As can be seen in Fig. (3), the corrosion potential values were determined on cylindrical specimens utilizing rebar embedded in concrete as the working electrode and the Standard Calomel Electrode (SCE) as the reference electrode. As can be observed in Figs. (4 and 5), the RC specimen with inhibitors and surface coatings exhibited corrosion potential and corrosion current density values. In terms of inhibiting corrosion, inorganic inhibitors, like benzotriazole and sodium molybdate dehydrate, as well as green inhibitors, like CG and AI, demonstrated efficient outcomes. Results of current density and corrosion potential indicated that inorganic inhibitors outperformed organic inhibitors. In comparison to inorganic inhibitors, the organic inhibitors, CG and AI, demonstrated a greater degree of corrosion prevention, although their effectiveness was lower. Compared to samples mixed with CG, those mixed with AI demonstrated lower corrosion current density values and lower negative potential values at the same dose. This shows that AI was more successful at preventing the occurrence and the progression rate of rebar corrosion in concrete. It implies that, in contrast to specimens mixed with CG, those treated with AI persisted in a state of moderate corrosion activity for a longer amount of time. Overall, the study demonstrated that in cases of chloride contamination, corrosion inhibitors, particularly inorganic ones, can provide protection against rebar corrosion. Organic inhibitors have shown promise as non-toxic, environmentally benign substitutes, despite their lower effectiveness.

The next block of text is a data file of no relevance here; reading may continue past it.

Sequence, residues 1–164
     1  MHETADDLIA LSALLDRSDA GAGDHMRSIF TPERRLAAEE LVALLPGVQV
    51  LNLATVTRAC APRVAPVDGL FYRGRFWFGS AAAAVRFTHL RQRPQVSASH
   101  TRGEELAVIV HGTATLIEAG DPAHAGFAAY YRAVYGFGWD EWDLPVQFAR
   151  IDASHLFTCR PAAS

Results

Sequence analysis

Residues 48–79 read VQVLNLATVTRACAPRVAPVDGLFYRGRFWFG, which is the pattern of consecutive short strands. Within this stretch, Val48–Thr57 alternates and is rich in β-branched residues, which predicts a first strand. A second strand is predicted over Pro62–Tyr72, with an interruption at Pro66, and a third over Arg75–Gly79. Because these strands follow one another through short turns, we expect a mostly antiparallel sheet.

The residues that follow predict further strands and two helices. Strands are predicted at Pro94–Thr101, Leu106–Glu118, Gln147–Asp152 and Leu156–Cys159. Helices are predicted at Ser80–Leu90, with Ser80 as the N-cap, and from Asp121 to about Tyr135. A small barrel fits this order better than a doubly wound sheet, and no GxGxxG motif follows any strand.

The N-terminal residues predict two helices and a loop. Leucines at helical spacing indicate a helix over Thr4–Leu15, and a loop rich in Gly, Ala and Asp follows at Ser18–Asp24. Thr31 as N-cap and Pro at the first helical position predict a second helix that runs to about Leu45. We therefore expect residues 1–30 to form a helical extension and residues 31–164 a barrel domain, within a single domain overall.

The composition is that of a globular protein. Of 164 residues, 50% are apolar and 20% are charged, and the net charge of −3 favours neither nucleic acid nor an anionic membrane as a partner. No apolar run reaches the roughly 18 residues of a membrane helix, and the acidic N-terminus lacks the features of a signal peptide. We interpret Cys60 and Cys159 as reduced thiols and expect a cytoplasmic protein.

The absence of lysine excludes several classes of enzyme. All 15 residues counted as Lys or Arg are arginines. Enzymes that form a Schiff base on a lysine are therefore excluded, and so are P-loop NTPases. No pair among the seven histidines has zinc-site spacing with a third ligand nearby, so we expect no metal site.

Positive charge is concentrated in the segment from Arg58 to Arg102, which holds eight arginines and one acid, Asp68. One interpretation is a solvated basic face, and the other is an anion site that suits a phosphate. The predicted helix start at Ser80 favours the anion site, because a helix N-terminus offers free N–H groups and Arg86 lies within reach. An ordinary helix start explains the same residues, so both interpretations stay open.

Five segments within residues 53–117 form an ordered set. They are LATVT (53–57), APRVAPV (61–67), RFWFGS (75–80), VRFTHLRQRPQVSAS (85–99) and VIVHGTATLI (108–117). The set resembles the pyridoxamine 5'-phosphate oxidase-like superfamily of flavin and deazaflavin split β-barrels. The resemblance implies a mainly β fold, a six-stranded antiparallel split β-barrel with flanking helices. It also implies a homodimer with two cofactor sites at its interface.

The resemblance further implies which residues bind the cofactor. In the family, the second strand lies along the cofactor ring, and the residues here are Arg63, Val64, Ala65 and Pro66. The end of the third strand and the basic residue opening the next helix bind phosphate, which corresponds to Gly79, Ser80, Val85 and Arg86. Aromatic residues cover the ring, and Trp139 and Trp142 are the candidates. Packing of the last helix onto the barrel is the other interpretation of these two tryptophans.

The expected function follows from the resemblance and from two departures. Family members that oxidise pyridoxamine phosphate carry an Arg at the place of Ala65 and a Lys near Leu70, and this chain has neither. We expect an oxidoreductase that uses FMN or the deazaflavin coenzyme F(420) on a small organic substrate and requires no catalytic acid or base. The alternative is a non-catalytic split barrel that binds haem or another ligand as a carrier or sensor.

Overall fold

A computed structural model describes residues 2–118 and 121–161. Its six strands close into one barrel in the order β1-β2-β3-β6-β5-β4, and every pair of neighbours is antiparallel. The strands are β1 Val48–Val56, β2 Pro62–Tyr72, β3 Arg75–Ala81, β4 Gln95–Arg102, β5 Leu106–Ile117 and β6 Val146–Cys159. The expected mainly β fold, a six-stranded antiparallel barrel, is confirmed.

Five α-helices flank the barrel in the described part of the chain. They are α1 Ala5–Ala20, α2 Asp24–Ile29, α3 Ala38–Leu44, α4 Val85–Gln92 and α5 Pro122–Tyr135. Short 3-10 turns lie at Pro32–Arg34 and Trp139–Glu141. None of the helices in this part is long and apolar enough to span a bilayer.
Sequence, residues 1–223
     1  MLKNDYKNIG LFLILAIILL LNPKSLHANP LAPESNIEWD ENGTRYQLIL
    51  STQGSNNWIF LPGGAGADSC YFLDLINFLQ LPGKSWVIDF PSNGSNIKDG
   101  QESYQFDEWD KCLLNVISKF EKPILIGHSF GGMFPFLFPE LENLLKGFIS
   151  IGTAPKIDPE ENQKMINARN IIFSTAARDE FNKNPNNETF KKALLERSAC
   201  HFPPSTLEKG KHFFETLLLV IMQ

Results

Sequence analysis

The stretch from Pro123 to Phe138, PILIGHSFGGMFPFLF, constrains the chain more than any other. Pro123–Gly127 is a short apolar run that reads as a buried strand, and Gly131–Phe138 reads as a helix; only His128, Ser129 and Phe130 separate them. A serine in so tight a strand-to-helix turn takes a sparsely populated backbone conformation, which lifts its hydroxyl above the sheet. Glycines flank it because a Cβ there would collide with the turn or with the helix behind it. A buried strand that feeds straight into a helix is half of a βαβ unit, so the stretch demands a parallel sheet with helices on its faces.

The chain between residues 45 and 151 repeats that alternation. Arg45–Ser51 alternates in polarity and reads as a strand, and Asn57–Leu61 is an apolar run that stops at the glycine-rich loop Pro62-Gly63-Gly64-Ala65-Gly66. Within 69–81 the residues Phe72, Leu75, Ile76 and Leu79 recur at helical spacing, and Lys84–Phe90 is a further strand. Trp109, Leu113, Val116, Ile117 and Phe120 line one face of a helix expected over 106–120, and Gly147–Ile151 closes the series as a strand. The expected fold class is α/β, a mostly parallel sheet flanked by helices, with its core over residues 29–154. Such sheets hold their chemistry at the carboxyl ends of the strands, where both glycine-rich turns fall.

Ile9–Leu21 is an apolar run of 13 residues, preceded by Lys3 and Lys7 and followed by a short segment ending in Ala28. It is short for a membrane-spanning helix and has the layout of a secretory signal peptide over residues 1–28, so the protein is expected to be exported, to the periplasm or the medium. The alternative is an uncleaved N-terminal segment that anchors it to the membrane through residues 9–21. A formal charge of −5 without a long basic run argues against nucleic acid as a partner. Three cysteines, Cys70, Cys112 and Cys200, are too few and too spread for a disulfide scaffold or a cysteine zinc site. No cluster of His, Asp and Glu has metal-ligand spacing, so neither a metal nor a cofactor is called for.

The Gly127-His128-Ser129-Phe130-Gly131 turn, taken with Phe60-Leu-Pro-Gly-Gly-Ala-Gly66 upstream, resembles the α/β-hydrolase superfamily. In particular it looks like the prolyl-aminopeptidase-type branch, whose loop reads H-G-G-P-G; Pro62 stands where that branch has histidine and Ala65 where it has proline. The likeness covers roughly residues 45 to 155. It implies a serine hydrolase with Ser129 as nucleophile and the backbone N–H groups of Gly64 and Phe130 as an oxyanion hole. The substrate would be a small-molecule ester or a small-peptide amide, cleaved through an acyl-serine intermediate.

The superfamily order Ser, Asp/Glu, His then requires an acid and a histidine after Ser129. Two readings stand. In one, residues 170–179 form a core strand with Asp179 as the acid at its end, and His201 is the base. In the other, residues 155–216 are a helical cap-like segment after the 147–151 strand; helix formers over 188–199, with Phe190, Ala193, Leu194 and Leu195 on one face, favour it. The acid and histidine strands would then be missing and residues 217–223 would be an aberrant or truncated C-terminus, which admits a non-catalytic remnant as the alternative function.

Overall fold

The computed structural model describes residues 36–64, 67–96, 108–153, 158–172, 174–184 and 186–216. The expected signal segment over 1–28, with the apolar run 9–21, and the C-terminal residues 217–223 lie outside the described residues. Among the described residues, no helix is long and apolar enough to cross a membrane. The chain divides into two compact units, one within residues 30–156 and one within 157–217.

Fig. (3). Setup employed for corrosion measurements on the cylindrical test specimen.
Fig. (4). Corrosion potentials of rebar embedded in concrete specimens with inhibitors and surface coatings.
Fig. (5). Corrosion current density values of specimens with inhibitors and surface coating.

Promising outcomes were observed with surface coatings, specifically acrylic and polyurethane coatings. Results of current density and corrosion potential indi- cated that surface coatings outperformed all inhibitors. Comparing samples combined with all inhibitors, those with surface coatings showed lower values for corrosion current density and negative potential. This implies that surface coating is more successful at preventing the initiation and progression rate of rebar corrosion in concrete. The study has thus demonstrated that, in cases of chloride contamination, surface coatings, particularly polyurethane ones, can provide protection against rebar corrosion.

Fig. (6). Surface chloride concentration of RC specimens with different protection systems.

3.2. Service Life Prediction

3.2.1. Chloride Coefficient Test